As a bonus, their inclusion solved an obvious gender imbalance. “Susanne and Vicki were selected based on merit but as an additional benefit, we were able to address the issue that the board has never included women,” he says.

“The superannuation industry, both retail and industry funds, still has work to do to fix up the gender imbalance on boards, which are predominately male.”

Post-politics priorities

While other 60-year olds are enjoying a round of golf or relaxing on a cruise ship, Brumby is showing no signs of slowing down. He has seven directorships, including director of Huawei Technologies, andThe Fred Hollows Foundation. He is often quoted in the mainstream press. Most recently Brumby called for a review into the coal seam gas laws and added his voice to those calling for changes to the way the senate is elected, describing the process as a “lottery”.

His opinions have clout. Brumby had a long and distinguished career in public life, serving in federal and state parliaments for more than a decade as treasurer and then premier of Victoria. As treasurer, he delivered seven consecutive budget surpluses.

But of all his private sector and non-profit boards, he has a soft spot for MTAA Super: it was his first appointment after retiring from politics in December 2010. “After leaving politics, I decided to wait at least six months before taking on new roles to enable me to think carefully about what I wanted to do,” he says. “MTAA was the first position I accepted and it has been a priority for me.

The single biggest issue

The fund’s diversified options continue to underperform their benchmarks, however Brumby says it was well prepared for the transition to the new Stronger Super reforms. From December 1, MTAA Super’s new MySuper product, My AutoSuper, will be available. Last year, it also launched RetireSafe, a post-retirement income solution developed in conjunction with MetLife, open to Australians over age 60 with a super account balance of $50,000 or more, and provides an income for life. So far take-up has been “low to moderate”, but Brumby adds that the fund is realistic about how long it could take for it to gain traction.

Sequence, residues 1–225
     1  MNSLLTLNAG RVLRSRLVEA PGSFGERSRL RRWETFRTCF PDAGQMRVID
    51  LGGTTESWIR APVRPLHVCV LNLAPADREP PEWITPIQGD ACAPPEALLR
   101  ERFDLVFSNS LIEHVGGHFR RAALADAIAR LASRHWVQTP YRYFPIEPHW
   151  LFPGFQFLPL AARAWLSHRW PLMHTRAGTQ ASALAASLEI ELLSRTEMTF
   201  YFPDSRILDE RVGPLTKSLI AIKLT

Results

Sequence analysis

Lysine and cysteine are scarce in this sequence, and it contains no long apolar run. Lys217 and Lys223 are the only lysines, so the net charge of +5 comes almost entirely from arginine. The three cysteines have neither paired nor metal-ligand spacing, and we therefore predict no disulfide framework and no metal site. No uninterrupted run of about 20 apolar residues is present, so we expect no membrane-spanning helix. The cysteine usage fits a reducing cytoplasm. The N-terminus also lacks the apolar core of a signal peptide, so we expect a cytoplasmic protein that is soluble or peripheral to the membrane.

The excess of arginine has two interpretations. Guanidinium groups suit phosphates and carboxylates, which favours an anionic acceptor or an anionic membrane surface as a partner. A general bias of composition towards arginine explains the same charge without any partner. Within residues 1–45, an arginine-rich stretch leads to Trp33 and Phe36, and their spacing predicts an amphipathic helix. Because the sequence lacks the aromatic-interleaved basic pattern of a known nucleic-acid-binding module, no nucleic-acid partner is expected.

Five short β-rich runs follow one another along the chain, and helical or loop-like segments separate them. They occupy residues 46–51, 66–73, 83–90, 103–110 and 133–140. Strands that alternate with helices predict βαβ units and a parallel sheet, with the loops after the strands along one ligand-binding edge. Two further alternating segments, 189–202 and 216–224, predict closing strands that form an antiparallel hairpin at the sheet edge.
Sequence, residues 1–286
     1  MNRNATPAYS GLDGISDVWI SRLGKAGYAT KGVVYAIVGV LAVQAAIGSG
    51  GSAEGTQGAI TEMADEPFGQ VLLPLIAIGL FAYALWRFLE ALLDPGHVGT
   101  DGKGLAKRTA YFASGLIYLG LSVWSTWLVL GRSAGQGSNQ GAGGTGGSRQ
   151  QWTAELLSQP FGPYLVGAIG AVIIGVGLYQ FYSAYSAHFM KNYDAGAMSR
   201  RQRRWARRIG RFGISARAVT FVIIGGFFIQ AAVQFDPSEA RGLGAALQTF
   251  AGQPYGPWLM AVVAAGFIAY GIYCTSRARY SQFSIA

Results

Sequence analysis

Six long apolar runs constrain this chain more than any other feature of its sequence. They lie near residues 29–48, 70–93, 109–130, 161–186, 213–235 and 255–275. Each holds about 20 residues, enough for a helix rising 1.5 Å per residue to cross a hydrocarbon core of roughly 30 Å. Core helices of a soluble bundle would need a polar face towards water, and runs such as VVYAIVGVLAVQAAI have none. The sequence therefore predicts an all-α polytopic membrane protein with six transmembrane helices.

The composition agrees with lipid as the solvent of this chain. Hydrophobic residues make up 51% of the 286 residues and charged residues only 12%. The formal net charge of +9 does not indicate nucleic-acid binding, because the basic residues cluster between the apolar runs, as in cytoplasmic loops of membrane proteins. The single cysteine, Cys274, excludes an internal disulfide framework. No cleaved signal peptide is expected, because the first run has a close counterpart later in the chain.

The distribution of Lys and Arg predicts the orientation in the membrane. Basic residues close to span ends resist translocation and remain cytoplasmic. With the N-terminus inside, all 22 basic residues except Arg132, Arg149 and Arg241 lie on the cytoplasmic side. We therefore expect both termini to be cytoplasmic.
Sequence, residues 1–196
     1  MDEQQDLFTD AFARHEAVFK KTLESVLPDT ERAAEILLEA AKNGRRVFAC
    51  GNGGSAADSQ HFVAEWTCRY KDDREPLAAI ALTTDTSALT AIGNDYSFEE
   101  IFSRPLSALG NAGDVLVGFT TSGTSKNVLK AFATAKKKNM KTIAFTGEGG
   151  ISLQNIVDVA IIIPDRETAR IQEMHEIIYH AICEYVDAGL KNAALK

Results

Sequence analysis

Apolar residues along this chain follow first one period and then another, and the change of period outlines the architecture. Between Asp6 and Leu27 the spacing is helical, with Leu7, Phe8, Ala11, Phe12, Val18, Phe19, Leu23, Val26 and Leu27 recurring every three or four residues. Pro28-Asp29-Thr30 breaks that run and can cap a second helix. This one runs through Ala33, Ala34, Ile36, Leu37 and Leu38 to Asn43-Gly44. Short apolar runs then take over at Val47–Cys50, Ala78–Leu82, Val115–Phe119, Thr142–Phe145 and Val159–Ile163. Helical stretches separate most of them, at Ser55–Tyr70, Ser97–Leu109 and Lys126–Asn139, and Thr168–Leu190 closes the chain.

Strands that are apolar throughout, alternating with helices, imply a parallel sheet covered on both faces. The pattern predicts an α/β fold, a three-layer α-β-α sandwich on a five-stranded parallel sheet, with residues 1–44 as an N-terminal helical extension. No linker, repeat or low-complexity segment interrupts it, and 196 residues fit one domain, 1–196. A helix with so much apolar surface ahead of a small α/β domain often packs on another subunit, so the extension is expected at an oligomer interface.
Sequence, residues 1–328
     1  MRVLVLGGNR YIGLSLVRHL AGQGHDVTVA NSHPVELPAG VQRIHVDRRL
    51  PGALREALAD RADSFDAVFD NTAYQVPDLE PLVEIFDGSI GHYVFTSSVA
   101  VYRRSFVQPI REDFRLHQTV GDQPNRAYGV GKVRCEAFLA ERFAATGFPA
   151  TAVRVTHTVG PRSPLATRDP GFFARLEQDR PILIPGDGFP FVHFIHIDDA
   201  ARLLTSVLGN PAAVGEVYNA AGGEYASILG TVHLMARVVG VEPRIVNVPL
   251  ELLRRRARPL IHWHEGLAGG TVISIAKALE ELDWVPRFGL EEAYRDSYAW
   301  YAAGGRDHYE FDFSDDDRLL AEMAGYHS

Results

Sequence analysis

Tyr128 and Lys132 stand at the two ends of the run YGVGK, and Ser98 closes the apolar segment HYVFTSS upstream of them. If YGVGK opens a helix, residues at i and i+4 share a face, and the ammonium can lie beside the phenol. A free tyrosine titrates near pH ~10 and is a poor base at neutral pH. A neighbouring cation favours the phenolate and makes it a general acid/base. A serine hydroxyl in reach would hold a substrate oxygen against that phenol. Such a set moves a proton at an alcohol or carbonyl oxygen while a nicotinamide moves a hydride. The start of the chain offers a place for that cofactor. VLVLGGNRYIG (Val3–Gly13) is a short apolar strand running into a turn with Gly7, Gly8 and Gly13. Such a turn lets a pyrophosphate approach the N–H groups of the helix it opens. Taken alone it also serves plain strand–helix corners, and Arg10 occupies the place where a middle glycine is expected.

Only 2 per cent of MTAA Super’s members are over the age of 66 and only 4 per cent between ages 60 and 65, however, adequacy and longevity risk are important focuses. “Australians are living longer and the big debate is whether 9.25 or even 12 per cent are enough. The answer is no and the real figure is actually closer to 15 to 18 per cent,” Brumby says. “There is no escaping this debate and it’s not a political issue. It’s the single biggest issue affecting households.

“It may take three years out in the market before our members start to think about and understand products like RetireSafe. As the industry moves from accumulation to decumulation, there will be increasing focus on post-retirement by policy makers and members. There is definitely a need for retirement solutions as part of a fund’s overall portfolio of options.”

Brumby says the fund is now ready to start thinking about other things such as potential mergers.

“We’ve been busy with MySuper, but after January 2014, you’ll see more focus on mergers because the reality is that scale will be an issue for some funds. We are pretty comfortable with our direction and scale, and have no plans for change at this stage. But we are always open to funds approaching us to take about these issues.”